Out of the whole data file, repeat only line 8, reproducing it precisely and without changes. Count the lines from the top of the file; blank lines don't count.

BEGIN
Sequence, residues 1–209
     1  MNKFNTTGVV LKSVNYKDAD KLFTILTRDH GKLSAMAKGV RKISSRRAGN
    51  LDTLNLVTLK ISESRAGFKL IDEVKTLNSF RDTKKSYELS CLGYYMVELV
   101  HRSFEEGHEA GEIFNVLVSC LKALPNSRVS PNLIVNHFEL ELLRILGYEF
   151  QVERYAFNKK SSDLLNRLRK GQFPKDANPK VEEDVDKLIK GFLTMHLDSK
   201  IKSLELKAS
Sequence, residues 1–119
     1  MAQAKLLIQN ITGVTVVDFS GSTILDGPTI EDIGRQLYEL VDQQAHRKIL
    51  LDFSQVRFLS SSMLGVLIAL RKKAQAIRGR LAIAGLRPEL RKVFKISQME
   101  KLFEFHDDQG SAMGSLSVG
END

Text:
     1  MAQAKLLIQN ITGVTVVDFS GSTILDGPTI EDIGRQLYEL VDQQAHRKIL